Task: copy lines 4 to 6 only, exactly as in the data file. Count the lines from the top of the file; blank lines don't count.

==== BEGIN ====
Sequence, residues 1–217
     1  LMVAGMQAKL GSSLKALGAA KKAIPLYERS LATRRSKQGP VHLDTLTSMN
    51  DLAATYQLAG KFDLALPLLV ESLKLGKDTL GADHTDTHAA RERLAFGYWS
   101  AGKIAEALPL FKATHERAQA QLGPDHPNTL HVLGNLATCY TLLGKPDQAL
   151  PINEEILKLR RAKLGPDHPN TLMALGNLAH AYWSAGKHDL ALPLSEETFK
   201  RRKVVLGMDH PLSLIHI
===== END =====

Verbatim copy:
   101  AGKIAEALPL FKATHERAQA QLGPDHPNTL HVLGNLATCY TLLGKPDQAL
   151  PINEEILKLR RAKLGPDHPN TLMALGNLAH AYWSAGKHDL ALPLSEETFK
   201  RRKVVLGMDH PLSLIHI